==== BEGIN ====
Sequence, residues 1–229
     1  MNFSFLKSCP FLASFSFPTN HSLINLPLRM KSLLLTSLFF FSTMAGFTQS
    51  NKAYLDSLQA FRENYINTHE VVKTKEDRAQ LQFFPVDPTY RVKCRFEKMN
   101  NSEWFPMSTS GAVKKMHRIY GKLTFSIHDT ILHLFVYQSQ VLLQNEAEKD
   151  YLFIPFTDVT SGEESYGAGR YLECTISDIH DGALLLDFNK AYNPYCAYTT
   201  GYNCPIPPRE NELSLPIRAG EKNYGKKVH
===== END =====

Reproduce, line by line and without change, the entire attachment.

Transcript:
Sequence, residues 1–229
     1  MNFSFLKSCP FLASFSFPTN HSLINLPLRM KSLLLTSLFF FSTMAGFTQS
    51  NKAYLDSLQA FRENYINTHE VVKTKEDRAQ LQFFPVDPTY RVKCRFEKMN
   101  NSEWFPMSTS GAVKKMHRIY GKLTFSIHDT ILHLFVYQSQ VLLQNEAEKD
   151  YLFIPFTDVT SGEESYGAGR YLECTISDIH DGALLLDFNK AYNPYCAYTT
   201  GYNCPIPPRE NELSLPIRAG EKNYGKKVH